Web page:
Dorian packs 50-mph wind

Published 10:16 pm Friday, September 6, 2019

As it turned out, effects in Suffolk from Hurricane Dorian were minimal. However, local weather officials don’t want residents to suffer from warning fatigue or apathy, because the next storm that comes this way may be different.

“This hurricane really devastated North Carolina,” National Weather Service Wakefield meteorologist Mike Dutter said Friday evening. “Any deviation from the forecasted track whatsoever can mean great differences for impact.”

Dutter noted that the storm wreaked havoc on many parts of the Outer Banks, which really aren’t that far away from here, in the grand scheme of things.


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“If that storm would’ve tracked even 40, 50 miles to the north, which isn’t very far, our impacts would have been significantly more up here,” he said.

Hurricane Dorian made landfall at Cape Hatteras, N.C., around 8:35 a.m. Friday.

Strongest winds in the Hampton Roads area were generally between 6 a.m. and noon, with the top wind gust in Suffolk, at 50 miles per hour, recorded at 9:01 a.m.

“There were definitely stronger winds to your south and east, but 50 mph isn’t anything to sneeze at,” Dutter said.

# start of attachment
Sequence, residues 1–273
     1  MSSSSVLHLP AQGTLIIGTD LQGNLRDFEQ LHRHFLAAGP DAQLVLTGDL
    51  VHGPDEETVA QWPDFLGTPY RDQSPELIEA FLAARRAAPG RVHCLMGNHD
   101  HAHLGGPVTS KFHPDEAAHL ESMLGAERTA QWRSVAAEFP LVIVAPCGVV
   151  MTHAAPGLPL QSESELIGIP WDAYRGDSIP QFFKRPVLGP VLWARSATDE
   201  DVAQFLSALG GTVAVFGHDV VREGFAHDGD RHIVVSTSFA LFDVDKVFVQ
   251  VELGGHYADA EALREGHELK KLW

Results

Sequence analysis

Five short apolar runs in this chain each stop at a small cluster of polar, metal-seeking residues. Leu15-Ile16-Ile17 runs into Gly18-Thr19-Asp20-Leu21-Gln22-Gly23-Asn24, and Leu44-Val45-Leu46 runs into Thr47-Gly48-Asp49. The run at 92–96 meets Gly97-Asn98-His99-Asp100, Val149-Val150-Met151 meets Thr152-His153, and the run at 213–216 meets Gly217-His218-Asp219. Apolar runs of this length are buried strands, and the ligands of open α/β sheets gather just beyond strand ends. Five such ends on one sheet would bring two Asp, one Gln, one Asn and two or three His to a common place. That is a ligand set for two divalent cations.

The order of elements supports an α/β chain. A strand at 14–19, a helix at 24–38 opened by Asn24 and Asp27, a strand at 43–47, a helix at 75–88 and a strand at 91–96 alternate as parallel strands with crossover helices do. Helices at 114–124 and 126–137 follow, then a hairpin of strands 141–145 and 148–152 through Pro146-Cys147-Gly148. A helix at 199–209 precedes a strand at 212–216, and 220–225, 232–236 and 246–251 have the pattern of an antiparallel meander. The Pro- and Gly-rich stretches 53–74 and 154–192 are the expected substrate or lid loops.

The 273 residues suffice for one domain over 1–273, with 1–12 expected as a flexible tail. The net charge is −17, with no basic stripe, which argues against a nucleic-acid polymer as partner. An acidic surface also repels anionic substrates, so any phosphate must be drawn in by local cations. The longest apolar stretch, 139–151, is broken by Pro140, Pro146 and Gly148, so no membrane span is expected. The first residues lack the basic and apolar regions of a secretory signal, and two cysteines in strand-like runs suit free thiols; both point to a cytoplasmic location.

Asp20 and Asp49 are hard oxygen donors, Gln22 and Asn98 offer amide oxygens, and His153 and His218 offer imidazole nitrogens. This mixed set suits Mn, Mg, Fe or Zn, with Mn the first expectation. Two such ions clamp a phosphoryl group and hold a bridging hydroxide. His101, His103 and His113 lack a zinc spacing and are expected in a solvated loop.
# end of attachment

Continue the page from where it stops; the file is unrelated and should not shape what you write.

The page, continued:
Suffolk also saw less rain than to the south and east, with the Suffolk Executive Airport recording only 1.36 inches. A radar-derived chart posted on Wakefield’s Facebook page showed slightly more in North Suffolk.

The Nansemond River saw moderate tidal flooding, but again, not as bad as expected.

“Since the winds weren’t quite as strong as what we were thinking and they happened a little bit earlier, it didn’t correspond to the high tides this afternoon, so the water levels weren’t quite as high as we were thinking they could get to,” Dutter said. “That was fortunate as well.”

North Main Street at the Kimberly Bridge was closed for part of the day as water overtook the road during high tide cycles. The Nansemond River crested at 6.74 feet in the Kimberly area just before 5 p.m. Flood stage there is considered 5.5 feet; the highest seen in recent years was 10.71 feet during Hurricane Matthew in 2016.

While some moderate tidal flooding could continue to be seen through the weekend, Dorian is history for Suffolk.

“The storm is continuing to rapidly move off towards Canada, and we’re going to have a nice weekend here,” Dutter said.